Product innovation will see automation and robotics infiltrating all stages of the supply chain process. The pandemic has transformed the global supply chain, as well as the expectations and demands of buyers of logistics services. In 2021 and beyond, these companies are going to require their providers to offer much greater agility, financial stability, transparency, and speed. Many are seriously considering insourcing at least a portion of their logistics operations.
Beyond warehouses, delivery robots (also known as Personal Delivery Devices (PPDs) were already becoming popular before COVID-19. However, the combination of a need for humans to distance and a worldwide increase in demand for home delivery accelerated the rollout of the robots themselves, as well as the government regulations that give them the freedom to roam our sidewalks and streets at speeds from 5 to 25 miles per hour to support ‘last-mile delivery’ issuance. In concept, a large truck would drive to a specific neighborhood and unleash a small swarm of robots, each headed to its assigned list of addresses to deliver goods.
- Artificial Intelligence, Augmented Reality and Machine Learning
Augmented reality (AR), machine learning, and artificial intelligence (AI) are here to stay. According to a Nielsen global survey from 2019, consumers listed Augmented and Virtual Reality as the top technologies they’re seeking to assist them in their daily lives, with 51% saying they would be willing to use AR technology to assess products.
- Smart Speakers and Smart Home Devices
Amazon Echo and Google Home smart speakers have become key tools for many online shoppers, especially as people are spending more time at home. Around 20% of smart speaker owners use them for shopping activities, such as ordering products, conducting product research, or tracking deliveries. This figure is expected to jump to 52% within the next four years.
As we move into 2021, we can expect to see more consumers online shopping without ever having to look at a screen, especially on Amazon. But even brands who aren’t on Amazon can leverage smart speaker and voice search technology. Product innovation is occurring even within these products themselves. For example, when a voice assistant provides an answer, it also allows users to open the website where the answer was found. For brands that prioritize voice-optimized SEO, this could mean a boost in traffic.
3. Antiviral Surfaces and Coatings
Although the frequency of COVID-19 transmission via materials remains uncertain, studies have revealed varying levels of virus viability depending on the type of surface. A key concern about antimicrobial coatings is that they can help create new microbe strains that have antibiotic resistance, an undesirable and growing phenomenon caused by traditional chemical-based disinfectants. Biomimetic approaches pose no such risk: for instance, the targeting of viral membranes by manipulating the microscopic surface geometry of relevant materials.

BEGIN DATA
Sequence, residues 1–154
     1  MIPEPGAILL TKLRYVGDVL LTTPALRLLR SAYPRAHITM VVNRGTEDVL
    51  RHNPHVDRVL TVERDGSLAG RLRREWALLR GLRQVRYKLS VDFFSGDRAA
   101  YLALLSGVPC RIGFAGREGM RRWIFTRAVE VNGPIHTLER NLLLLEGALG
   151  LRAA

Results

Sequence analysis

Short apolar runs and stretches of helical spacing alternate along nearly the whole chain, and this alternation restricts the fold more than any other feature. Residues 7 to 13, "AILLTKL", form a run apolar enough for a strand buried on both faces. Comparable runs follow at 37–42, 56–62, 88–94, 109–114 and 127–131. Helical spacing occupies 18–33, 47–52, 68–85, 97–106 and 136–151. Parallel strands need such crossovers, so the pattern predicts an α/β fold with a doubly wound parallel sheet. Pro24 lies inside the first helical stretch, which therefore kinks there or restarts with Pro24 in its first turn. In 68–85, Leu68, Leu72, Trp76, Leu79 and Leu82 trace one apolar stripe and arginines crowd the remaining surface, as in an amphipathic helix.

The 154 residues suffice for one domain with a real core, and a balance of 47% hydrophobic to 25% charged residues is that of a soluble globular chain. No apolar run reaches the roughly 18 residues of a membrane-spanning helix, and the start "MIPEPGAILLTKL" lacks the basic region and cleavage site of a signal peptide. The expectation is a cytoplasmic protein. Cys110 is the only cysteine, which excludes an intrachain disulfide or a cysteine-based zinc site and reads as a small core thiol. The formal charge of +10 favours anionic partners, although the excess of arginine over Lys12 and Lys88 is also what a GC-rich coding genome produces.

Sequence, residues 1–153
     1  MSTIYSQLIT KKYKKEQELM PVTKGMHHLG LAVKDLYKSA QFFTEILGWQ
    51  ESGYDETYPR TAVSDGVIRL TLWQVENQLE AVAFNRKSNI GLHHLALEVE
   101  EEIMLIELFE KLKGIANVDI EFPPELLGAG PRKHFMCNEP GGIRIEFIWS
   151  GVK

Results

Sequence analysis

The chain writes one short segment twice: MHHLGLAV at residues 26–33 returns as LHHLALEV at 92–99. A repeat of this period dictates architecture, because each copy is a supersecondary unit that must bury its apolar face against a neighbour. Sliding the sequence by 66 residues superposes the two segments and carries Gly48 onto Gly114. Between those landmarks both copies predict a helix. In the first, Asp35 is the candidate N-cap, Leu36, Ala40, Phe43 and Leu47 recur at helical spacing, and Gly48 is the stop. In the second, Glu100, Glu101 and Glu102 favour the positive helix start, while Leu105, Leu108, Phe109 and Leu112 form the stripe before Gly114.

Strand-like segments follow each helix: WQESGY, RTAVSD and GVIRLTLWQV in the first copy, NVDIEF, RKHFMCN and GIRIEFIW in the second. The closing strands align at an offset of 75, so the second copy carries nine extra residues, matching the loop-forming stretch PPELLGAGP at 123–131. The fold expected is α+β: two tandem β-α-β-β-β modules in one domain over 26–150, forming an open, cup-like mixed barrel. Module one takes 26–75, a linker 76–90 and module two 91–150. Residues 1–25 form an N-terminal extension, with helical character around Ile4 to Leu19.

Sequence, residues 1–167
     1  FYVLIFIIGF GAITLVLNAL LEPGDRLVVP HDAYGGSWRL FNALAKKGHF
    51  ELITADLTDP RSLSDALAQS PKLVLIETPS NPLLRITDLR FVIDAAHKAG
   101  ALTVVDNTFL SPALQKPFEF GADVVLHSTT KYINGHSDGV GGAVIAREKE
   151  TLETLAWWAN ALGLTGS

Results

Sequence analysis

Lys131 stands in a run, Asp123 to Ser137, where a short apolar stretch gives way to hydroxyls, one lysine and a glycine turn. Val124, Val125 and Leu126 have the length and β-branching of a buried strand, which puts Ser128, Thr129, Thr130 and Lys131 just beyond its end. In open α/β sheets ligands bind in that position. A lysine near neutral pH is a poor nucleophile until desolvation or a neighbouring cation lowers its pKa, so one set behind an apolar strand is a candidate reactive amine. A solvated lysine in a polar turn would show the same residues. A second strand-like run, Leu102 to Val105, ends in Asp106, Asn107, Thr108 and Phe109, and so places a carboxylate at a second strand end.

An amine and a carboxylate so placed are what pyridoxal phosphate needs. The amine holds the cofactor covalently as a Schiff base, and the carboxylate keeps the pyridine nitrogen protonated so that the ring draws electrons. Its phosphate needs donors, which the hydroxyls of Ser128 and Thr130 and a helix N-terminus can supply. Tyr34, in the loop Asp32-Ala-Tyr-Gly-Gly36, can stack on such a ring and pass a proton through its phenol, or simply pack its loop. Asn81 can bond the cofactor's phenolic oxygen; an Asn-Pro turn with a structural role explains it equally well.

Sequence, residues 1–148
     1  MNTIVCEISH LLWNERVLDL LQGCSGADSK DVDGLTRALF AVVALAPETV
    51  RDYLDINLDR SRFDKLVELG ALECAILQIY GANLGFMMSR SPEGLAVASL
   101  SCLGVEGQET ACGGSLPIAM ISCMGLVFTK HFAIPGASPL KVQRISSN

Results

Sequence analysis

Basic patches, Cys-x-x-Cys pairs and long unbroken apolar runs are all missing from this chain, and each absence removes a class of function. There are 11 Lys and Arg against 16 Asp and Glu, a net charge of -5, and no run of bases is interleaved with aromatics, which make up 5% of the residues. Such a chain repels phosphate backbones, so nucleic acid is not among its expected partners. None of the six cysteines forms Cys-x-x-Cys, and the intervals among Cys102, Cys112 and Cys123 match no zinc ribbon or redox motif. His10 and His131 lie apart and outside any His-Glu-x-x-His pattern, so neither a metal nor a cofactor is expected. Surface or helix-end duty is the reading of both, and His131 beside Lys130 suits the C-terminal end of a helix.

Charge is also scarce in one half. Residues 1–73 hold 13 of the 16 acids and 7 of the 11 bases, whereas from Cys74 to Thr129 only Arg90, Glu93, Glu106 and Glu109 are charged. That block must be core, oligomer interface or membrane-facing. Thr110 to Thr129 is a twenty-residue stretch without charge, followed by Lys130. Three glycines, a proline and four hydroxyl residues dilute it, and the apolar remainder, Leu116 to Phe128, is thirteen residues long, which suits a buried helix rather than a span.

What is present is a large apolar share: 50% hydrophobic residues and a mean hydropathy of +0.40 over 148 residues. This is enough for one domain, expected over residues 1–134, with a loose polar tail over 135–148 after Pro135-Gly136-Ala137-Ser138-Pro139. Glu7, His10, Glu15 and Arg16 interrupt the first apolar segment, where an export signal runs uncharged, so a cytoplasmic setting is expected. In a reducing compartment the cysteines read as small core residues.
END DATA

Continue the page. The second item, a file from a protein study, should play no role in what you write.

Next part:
Product innovation due to rising health concerns can be seen to have been adapted by Airdal, a coating manufactured by a decorative product company based in Ahrensburg, Germany. Airdal employs non-toxic silicon dioxide as its antiviral ingredient. Initially developed for air travel applications, Airdal is now available in a spray-applied disinfectant (“D-Med”) as well as a permanent application for various interior surfaces. Another approach involves the use of nanoscale silica fragments (basically glass particles) as an antibacterial and fungicidal element that is also dermatologically safe.
So, what does this mean for product compliance? Well, according to Aberdeen’s “Design for Compliance Benchmark Report,” companies are not generally organised for success. Less than half of product companies have formal metrics, procedures, and systems for measuring and enforcing product compliance, while nearly 80% of companies lack a cohesive systems infrastructure to track, audit, or manage product compliance. This indicates that companies are not placing the right level of emphasis on compliance when it comes to product innovation and technology.
It is imperative that companies are proactive about this part of the product manufacturing phase. It is great to have an idea, and innovation is leading us towards a better and more connected world, but if regulatory requirements are not included in the early phases of product designs, businesses risk losing copious amounts of money to the hands of re-designing, re-manufacturing, re-distributing, or even legal ramifications. This can be prevented by having compliance review checkpoints at every stage of the product manufacturing process, and by ensuring the product will be eligible for certification on the market right from the get-go.